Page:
Q. What does requalification mean?
A. Requalification means the completion of a visual inspection and/or the test(s) required to be performed on a cylinder to determine its suitability for continued service.” Code of Federal Regulations, Title 49 (Transportation) Part 180, Section 180.203, Definitions, Superintendent of Documents, U.S. Government Printing Office, Washington, DC 20401. www.gpo.gov
Q. What tests do I need done to get my cylinders and tubes requalified?
A. The choice of requalification method will be based on a variety of factors, including cylinder specification, gas service and purity level, authorized requalification cycle, location, turnaround time, and price. First and foremost is the specification of the cylinder or tube that is being tested. (NOTE: Throughout this article the word cylinders includes tubes, unless specifically noted.) For some specification cylinders, there will be only one approved method. But, in most cases, DOT regulations or special permits issued by governing bodies will offer choices. This article will explain the varied methods and reasons for selecting a particular method.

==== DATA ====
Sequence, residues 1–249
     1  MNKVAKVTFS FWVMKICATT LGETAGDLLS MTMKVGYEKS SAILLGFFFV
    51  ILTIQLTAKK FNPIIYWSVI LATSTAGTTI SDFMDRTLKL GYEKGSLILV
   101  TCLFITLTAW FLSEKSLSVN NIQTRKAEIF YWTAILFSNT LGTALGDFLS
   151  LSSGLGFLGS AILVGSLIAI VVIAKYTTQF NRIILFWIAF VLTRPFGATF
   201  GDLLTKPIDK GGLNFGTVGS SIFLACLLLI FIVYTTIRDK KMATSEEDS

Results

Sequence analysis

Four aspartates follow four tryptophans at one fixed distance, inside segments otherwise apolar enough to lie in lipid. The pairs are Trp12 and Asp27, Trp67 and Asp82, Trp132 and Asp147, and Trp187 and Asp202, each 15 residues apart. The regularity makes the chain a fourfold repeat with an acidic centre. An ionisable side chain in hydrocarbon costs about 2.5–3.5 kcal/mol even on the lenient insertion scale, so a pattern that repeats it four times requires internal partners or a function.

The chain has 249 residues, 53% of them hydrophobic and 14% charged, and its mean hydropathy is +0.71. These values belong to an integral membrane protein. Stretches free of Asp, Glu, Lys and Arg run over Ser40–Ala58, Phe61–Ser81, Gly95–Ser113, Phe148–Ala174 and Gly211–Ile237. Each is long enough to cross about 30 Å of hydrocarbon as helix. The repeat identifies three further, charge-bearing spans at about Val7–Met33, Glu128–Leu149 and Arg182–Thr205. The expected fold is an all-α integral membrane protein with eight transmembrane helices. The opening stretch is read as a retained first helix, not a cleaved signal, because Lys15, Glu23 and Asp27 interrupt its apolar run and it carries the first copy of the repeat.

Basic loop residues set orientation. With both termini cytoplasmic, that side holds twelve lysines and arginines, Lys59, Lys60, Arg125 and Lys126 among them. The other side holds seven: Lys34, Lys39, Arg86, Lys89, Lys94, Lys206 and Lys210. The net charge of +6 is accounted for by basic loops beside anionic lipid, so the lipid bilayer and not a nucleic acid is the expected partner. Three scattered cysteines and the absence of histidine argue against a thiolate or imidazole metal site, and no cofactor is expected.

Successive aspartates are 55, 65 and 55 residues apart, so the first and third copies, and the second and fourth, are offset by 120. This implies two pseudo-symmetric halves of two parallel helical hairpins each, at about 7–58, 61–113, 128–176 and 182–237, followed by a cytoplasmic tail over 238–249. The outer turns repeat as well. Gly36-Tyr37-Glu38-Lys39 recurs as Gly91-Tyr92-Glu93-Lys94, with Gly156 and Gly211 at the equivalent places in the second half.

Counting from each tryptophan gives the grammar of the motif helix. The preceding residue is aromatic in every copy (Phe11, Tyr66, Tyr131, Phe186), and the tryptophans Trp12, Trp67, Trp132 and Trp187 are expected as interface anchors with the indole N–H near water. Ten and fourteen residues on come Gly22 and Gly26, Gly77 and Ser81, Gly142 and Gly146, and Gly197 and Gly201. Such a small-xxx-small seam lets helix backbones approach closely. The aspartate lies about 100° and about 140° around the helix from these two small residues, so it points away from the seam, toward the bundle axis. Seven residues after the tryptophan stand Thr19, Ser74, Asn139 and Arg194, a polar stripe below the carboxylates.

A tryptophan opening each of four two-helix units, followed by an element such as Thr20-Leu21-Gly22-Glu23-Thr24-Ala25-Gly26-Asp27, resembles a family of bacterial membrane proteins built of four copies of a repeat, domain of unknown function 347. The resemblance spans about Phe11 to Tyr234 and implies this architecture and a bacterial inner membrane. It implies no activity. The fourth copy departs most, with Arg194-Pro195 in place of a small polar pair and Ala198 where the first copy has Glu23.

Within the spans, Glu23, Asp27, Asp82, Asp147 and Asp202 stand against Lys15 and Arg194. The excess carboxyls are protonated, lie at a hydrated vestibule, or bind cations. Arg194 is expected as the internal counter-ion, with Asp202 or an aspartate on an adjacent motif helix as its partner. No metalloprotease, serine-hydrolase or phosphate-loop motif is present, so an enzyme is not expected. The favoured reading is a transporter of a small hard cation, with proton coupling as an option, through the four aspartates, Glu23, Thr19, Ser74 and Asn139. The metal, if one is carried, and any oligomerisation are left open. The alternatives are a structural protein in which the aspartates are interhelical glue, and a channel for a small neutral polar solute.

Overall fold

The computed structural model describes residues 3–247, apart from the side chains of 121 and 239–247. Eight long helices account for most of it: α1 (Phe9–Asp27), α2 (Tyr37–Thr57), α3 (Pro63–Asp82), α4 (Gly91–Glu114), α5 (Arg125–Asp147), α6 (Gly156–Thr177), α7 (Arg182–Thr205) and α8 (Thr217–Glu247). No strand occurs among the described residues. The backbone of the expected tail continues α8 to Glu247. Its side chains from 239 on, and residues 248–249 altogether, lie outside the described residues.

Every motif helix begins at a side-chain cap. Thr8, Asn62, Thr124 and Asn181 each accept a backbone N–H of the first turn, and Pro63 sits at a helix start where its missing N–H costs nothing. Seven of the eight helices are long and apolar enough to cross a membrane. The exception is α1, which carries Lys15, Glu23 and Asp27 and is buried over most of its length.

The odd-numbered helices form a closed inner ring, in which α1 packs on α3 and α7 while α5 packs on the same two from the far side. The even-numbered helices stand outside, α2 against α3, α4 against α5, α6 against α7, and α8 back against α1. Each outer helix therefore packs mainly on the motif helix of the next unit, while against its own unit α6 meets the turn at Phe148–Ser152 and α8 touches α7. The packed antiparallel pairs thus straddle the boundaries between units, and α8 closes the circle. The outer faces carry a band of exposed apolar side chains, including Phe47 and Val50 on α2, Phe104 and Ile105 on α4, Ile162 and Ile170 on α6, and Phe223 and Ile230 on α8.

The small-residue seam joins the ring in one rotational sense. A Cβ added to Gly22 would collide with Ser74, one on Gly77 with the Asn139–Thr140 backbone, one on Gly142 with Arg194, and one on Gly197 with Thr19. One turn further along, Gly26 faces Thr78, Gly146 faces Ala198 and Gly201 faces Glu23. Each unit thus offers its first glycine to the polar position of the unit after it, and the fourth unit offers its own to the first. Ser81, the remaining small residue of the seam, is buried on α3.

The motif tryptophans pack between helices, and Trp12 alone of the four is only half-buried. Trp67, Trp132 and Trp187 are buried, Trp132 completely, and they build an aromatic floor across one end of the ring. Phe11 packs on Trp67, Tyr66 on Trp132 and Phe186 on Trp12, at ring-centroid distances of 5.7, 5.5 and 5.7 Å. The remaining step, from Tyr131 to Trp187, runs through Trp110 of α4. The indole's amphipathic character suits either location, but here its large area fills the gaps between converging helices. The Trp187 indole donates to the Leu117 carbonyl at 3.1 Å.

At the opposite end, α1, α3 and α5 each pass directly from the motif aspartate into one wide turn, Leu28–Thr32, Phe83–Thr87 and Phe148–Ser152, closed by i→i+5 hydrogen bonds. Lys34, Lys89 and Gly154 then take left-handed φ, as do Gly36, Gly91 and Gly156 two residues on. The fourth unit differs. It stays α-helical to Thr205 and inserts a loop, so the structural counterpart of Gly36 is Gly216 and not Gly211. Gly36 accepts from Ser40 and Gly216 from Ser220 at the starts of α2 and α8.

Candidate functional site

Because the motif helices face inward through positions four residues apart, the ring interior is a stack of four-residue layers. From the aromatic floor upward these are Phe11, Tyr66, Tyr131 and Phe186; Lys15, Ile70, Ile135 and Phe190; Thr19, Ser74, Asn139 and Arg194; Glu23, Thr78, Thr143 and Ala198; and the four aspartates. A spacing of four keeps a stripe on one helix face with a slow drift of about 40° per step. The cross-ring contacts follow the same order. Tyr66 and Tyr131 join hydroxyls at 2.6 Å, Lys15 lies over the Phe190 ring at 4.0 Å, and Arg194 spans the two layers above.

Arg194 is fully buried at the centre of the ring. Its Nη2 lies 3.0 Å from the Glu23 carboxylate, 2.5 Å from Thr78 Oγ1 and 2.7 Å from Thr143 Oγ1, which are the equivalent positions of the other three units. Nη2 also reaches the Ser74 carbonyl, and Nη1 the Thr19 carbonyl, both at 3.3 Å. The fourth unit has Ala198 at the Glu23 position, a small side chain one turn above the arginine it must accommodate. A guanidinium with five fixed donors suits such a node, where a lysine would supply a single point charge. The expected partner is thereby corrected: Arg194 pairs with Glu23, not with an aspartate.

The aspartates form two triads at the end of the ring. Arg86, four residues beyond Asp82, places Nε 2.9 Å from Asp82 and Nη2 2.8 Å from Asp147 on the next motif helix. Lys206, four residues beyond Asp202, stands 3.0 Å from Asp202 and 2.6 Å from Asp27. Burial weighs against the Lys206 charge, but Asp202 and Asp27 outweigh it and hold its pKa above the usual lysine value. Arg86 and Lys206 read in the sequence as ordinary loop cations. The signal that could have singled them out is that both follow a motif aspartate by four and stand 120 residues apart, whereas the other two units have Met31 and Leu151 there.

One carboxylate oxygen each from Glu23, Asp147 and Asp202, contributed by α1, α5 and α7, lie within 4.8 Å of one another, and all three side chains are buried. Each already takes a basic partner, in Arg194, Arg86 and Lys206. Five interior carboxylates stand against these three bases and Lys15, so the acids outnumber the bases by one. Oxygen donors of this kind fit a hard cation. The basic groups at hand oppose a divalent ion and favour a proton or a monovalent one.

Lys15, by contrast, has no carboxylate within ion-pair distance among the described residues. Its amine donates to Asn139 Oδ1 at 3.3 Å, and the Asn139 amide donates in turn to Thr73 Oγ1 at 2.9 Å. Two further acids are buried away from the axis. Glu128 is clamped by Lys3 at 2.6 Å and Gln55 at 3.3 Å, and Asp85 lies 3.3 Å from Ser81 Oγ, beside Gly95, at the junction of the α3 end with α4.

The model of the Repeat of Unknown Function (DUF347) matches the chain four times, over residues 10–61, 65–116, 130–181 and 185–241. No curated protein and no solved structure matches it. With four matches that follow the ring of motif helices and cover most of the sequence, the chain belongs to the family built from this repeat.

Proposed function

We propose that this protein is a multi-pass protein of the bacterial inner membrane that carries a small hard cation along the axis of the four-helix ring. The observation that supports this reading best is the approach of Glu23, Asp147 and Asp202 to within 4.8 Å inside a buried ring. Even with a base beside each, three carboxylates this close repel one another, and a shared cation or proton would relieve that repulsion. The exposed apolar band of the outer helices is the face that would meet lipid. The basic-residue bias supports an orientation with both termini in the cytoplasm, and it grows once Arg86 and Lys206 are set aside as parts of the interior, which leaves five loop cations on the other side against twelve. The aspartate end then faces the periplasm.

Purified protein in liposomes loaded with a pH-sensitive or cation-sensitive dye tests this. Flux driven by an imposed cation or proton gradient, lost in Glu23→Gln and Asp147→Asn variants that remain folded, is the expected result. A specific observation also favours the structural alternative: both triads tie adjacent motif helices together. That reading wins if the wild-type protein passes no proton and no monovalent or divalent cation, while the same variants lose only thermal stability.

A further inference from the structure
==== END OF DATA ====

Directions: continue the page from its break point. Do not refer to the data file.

Regulatory approval of the test facility, personnel and equipment is required for cylinder requalification. Whether domestic or international, persons requalifying U.S. DOT Specification cylinders must have a Requalifier Identification Number (RIN) issued by DOT upon the recommendation of an Independent Inspection Agency (IIA).
Visual Examination Method:
Visual examination of a cylinder is a part of any requalification process and should be performed before applying pressure. In fact, most cylinders are rejected because of a finding during a visual examination. The exam may be both internal and external or, in some cases, external only. Some specification cylinders operating in certain gas services may be requalified exclusively by a visual examination. Pertinent regulations for the specification of cylinder being requalified (e.g. DOT or TC) must be carefully reviewed for compliance and selection of the visual examination method appropriate for the cylinder undergoing requalification. For example, the U.S. DOT references several Compressed Gas Association (CGA) standards for visual inspection of cylinders based on the material used to manufacture the cylinder (e.g. steel, aluminum or fiber). Persons performing visual exams require a thorough understanding of the methods to use and potential defects to be found.
1. Water jacket method –